“Now this is where it’s going to get a little bit gory, ok?”Gordon Ramsay’s Pumpkin Soup with Wild Mushrooms
Impious Pumpkins by Note Missing Games bills itself as a ‘Real Time Tactics Game’ which I found to be closest to meaning that it’s a tower defence game. I have a soft spot for tower defence games. In the time before mobile phones the only good games you could regularly play at high school were the ones on sites like Newgrounds. Tower defence was a very popular genre amongst people who should have actually been studying.
At A Glance
|Positives||+ Cute characters|
+ Easy to learn
+ Consistent theme
|Negatives||– Lacks strategy|
– Poorly balanced
– Quickly becomes an idle clicker
|Price (When Reviewed)||£3.99|
|Our Playtime||3 hours|
Impious Pumpkins shares a lot of DNA with it’s tower defence cousins. As a disembodied commander you place your army of ghosts to protect their grave sites from oncoming hordes of enemy pumpkins. It’s a short run at a tried and tested genre but unfortunately doesn’t bring anything new to the table. Using your resources, which are dripped to you slowly, the player gradually places more units and upgrades them as the enemy waves get stronger. Unfortunately it’s the ways in which Impious Pumpkins shirks the usual mechanics which let the game down. I don’t want to slate a dev for trying something new but what Note Missing Games have tried just doesn’t land.
Your first experience with Impious Pumpkins will be with the campaign mode which is broken up into 5 minute rounds. To beat a round the player needs to have more of their ghost units on the map than enemy pumpkins when the timer reaches zero. Those not so pious pumpkins spawn in random locations across the map in greater numbers as time ticks away. They will attack any ghosts they find so removing them rapidly is the core pressure point on the player to avoid a snowballing fail-state.
The camera viewpoint is isometric, overlooking a single square of terrain which will be the battlefield for the coming round. At the start of a round, the map is empty apart from some cover elements and the player starts with a few points to spend on their initial spooky defenders. More resources are dropped randomly on the map as time passes; little glowing orbs to be clicked similar to Plants Vs. Zombies sun motes. Once placed, your units act automatically and cannot be moved or interacted with, and you have four types of ghost to choose from; Warriors, Rangers, Mages and Priests. Warriors are the only ghosts that can move, they can aggro onto enemy pumpkins and move into melee range to smack them upside the head. Rangers are static, shooting rocks at long range. Similar to Rangers, the Mages cost a lot more resources but their attack ignores line of sight and does high damage in an area of effect. The last ghost type is the Priest and you may only have one active at a time; it heals all other ghosts simultaneously in a wide area around it. The pumpkin enemies all spawn following the same class-type rules with the exception of the occasionally spawning mini-boss pumpkins; these have considerably more health and an elemental theme, adding some additional hazards such as spitting poison patches onto the map which can upset your own ghost formations.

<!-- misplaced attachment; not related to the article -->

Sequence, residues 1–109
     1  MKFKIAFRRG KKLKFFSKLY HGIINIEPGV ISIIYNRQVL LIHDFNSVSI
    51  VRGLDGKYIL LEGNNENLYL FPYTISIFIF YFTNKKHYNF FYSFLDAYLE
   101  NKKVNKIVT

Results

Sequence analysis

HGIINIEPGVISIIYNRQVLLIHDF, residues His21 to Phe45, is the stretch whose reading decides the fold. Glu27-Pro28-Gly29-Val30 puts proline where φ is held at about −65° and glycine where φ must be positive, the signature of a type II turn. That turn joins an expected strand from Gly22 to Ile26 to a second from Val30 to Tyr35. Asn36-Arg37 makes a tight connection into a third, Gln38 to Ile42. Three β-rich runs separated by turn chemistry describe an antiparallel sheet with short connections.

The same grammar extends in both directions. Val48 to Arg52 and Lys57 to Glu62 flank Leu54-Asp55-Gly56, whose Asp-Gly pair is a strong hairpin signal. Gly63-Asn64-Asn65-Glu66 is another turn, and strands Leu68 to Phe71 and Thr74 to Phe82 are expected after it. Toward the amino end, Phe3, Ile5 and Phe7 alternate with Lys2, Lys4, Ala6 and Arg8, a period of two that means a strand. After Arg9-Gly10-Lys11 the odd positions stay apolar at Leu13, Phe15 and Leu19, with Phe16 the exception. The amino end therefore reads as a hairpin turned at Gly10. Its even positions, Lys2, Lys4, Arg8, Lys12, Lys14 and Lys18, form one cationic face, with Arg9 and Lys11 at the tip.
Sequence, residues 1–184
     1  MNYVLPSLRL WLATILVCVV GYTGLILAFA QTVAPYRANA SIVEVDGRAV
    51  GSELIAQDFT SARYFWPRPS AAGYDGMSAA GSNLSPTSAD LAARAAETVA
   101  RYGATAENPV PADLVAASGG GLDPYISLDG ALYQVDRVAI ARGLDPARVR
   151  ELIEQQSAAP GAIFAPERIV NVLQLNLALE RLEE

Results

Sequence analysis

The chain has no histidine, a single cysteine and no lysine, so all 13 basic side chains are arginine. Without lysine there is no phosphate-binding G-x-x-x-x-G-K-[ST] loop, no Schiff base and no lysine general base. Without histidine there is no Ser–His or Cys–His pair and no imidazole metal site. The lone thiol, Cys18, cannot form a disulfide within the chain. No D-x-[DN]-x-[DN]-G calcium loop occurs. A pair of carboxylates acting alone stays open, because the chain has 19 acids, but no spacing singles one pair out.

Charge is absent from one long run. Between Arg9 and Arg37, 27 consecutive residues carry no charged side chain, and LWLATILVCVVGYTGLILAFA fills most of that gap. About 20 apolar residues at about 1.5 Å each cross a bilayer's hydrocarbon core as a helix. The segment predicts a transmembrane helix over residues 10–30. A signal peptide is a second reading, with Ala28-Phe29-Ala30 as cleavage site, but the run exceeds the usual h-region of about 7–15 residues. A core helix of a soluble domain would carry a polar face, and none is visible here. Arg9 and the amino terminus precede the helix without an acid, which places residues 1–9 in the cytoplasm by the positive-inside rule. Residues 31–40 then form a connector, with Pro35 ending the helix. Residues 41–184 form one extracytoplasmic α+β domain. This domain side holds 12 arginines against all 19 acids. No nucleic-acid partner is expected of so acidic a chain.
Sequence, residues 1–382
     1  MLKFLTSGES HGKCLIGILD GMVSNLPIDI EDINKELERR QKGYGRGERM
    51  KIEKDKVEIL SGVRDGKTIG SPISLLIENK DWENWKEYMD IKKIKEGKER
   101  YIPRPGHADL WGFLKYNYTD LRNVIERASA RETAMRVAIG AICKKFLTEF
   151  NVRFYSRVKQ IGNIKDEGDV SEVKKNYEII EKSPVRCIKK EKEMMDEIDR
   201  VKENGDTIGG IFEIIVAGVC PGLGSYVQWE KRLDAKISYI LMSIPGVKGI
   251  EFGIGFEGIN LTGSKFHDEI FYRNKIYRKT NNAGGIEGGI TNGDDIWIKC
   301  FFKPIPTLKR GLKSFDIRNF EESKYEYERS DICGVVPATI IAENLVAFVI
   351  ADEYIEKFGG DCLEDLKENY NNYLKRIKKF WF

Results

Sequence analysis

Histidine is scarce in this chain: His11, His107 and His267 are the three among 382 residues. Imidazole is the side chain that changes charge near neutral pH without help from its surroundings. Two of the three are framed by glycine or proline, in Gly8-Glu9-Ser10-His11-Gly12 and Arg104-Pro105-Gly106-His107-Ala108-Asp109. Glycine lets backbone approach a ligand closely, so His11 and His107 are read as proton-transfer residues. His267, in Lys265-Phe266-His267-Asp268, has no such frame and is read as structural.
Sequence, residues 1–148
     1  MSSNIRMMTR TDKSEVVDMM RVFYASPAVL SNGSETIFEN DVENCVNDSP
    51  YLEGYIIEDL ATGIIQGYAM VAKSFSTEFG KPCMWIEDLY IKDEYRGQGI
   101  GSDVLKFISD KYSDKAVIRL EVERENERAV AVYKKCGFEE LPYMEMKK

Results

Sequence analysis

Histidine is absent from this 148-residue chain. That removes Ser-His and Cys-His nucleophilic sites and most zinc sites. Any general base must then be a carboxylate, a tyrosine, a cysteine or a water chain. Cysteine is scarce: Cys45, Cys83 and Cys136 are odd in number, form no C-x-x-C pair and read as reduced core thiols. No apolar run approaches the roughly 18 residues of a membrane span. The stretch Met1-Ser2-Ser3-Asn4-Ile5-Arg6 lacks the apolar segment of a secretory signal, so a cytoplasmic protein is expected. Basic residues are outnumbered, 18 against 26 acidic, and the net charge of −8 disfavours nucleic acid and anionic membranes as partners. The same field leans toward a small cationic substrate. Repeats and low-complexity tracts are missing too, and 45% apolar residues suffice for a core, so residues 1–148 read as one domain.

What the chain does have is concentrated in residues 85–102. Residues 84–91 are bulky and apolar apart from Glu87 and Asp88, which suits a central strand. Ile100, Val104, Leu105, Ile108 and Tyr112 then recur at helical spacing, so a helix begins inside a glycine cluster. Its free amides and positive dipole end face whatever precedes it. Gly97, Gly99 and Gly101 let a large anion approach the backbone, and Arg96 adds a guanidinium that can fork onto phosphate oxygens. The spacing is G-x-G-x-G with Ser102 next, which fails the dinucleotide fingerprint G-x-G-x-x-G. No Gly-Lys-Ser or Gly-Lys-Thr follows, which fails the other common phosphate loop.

Sounds familiar? The format is a well trodden one. Different units, with point costs tied to their power level. Where Impious Pumpkins mainly comes unstuck is that there isn’t much to think about tactically. One utility unit is thrown in to get the player to think they’re being clever when they decide to cluster all their units together around the healer. A realisation which ultimately becomes pointless as the poor mechanics and balancing make trying to play tactically a useless endeavour. There are several things wrong with the power balancing and implementation of mechanics in Impious Pumpkins that lets the experience down. For example, that ‘crowd around the healer’ tactic you’re guided towards is a recipe for frustration. This means that using the warrior ghosts is inefficient as they’ll wander outside the healing range then stand still and die. Additionally some of the mini-boss pumpkins, which spawn in random locations, can often appear in the middle of your cluster of ghosts and then pop like an un-telegraphed and uncounterable tactical nuke, wiping your squad and forcing a reset. This random chance to instantly lose without making a mistake or even making a real choice is incredibly sloppy design for a tactical game.